(All Nature is but Art, unknown to thee)

NOT E s. " them from contempt; their minds are, indeed, but nar

row, yet fitted to their stațion,” &c. Comm. p. 120. But Mr. Pope had no such childish idea in his head. He was here opposing the human species to the angelic; and so {poke of the first, when compared to the latter, as vile and disconfolate. The force and beauty of the reflection depend upon this sense; and, what is more, the propriety of it.

VER, 278. As the rapt Seraph, $c] Alluding to the Name Seraphim, fignifying burners,

Know thy own point: This kind, this due degree Of blindness, weakness, Heav'n bestows on thee.

COMMENTARY. por yet the fortuitous result of Epicurean Atoms,

(All Chance, Direction, which thou canst not see) as those two species of atheism supposed it; but the wonderful art and direction, unknown indeed to Man, of an all-powerful, all-wise, all-good, and free Being. And therefore we may be assured, that the arguments brought above, to prove partial moral evil productive of Good, are conclusive ; from whence one certain truth results, in spite of all the pride and cavils of vain Reason, That WHATEVER IS, IS RIGHT.

That the reader may see in one view the exactness of the Method, as well as force of the Argument, I shall here draw up a short fynopsis of this Epistle. The Poet begins by telling us his subject is an Essay on Man: That his end of write ing is to vindicate Providence: That he intends to derive his arguments, from the visible things of God seen in this system : Lays down this Proposition, That of all possible systems, infinite Wisdom has formed the best: draws from thence two Consequences, 1. That there must needs be somewhere such a creature as Man; 2. That the moral Evil which he is author of, is produc- . tive of the Good of the Whole. This is his general Thesis ; from whence he forms this Conclusion, That Man should rest fubmisive and content, and make the hopes of Futurity, his comfort; but not luffer this to be the occasion of PRIDE, which is the cause of all his impious complaints,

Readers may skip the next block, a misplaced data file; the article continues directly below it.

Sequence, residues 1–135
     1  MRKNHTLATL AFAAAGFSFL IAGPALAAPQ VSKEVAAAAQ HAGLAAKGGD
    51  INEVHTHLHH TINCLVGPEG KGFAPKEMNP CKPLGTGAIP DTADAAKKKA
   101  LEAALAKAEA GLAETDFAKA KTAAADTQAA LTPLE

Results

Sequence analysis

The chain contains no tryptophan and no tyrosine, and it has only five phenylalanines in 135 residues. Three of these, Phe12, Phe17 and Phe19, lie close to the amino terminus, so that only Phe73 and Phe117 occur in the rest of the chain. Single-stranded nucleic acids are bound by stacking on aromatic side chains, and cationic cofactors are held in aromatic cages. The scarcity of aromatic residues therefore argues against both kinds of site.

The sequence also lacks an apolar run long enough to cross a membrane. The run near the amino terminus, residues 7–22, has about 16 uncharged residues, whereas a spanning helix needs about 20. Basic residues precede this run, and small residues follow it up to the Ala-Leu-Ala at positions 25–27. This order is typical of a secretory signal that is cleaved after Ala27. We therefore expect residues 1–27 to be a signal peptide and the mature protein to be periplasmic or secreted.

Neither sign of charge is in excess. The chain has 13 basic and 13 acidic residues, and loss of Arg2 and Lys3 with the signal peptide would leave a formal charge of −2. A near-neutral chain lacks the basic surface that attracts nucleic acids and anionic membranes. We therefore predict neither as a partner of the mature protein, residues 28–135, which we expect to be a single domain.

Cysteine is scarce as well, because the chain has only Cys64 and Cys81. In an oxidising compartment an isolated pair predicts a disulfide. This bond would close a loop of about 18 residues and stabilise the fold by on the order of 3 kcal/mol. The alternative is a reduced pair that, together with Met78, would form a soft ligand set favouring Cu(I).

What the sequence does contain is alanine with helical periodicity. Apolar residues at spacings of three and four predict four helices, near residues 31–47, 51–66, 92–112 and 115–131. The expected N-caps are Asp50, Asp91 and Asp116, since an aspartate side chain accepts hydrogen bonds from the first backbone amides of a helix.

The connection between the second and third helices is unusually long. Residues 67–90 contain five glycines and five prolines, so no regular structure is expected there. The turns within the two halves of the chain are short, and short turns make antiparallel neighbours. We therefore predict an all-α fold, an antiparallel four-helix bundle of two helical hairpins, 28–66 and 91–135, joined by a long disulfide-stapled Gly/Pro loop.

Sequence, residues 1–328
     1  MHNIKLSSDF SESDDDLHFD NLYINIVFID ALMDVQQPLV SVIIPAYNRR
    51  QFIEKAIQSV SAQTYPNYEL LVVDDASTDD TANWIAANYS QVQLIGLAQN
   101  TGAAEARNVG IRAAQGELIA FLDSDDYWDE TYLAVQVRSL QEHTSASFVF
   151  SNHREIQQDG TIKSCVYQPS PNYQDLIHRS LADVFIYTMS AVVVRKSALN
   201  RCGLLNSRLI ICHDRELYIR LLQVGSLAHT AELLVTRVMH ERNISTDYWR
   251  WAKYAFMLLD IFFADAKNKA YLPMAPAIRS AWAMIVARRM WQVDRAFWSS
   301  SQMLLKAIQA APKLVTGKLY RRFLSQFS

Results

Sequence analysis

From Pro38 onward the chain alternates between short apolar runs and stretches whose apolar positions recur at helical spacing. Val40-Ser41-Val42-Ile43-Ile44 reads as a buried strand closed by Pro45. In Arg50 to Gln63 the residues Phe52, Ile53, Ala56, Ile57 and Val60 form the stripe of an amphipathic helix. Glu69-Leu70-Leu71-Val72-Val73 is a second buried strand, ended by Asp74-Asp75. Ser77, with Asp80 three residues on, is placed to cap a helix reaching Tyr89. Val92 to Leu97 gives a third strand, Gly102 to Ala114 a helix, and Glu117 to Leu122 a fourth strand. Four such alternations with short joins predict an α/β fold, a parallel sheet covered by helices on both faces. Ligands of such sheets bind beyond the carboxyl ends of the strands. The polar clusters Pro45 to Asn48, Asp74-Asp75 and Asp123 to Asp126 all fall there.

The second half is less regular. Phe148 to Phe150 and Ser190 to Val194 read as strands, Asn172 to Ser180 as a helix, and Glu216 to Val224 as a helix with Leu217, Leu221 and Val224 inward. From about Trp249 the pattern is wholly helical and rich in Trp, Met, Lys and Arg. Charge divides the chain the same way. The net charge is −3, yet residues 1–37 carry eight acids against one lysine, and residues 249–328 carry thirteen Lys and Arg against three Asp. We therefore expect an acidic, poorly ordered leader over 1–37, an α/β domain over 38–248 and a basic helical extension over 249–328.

He proceeds to confirm his Thesis — Previously endeavours to abate our wonder at the phænomenon of moral Evil; thews, first, its use to the perfection of the universe, by analogy, from the use of physical Evil in this particular system. -Secondly, its use in this system, where it is turned, providentially, from its natural bias, to promote Virtue. Then goes on to vindicate Providence from the imputation of certain fupposed natural Evils; as he had before justified it for the permission of real moral Evil, in sewing that, though the Atheist's complaint againft Providence be on pretence of real moral Evil, yet the true caufe is his impatience ander imaginary natural Evil; the issue of a depraved ape

Submit.-In this, or any other sphere, 285
Secure to be as blest as thou canst bear :
Safe in the hand of one disposing Pow'r,
Or in the natal, or the mortal hour.
All Nature is but Art, unknown to thee;
All Chance, Direction, which thou canst not fee
All Discord, Harmony not understood; 291
All partial Evil, universal Good :
And, spite of Pride, in erring Reason's spite,
One truth is clear, WHATEVER IS, IS RIGHT.

COMMENTARY. petite for fantastical advantages, which, if obtained, would be useless or hurtful to Man, and deforming of, and de tructive to the Universe, as breaking into that order by which it is supported.--He describes that order, harmony, and close connection of the parts; and by shewing the intimate presence of God to his whole creation, gives a reason for an Universe so amazingly beautiful and perfect. From all this he deduces his general conclusion, That Nature being neither blind chain of Causes and Effects, nor get the fortuitous result of wandering atoms, but the wonderful art and direction of an allwise, all-good, and free Being ; WHATEVER IS, IS RIGHT, with regard to the disposition of God, and its ultimate tendency; which once granted, all complaints against Providence are at at end,

NOT E S. VER. 294. One truth is clear, &c.] It will be difficult to think any caviller fhould have objected to this conclusion; efpecially when the Author, in this very epistle, has himself thus explained it;

Respecting Man, whatever wrong we call,
May, must be right, as relative to allows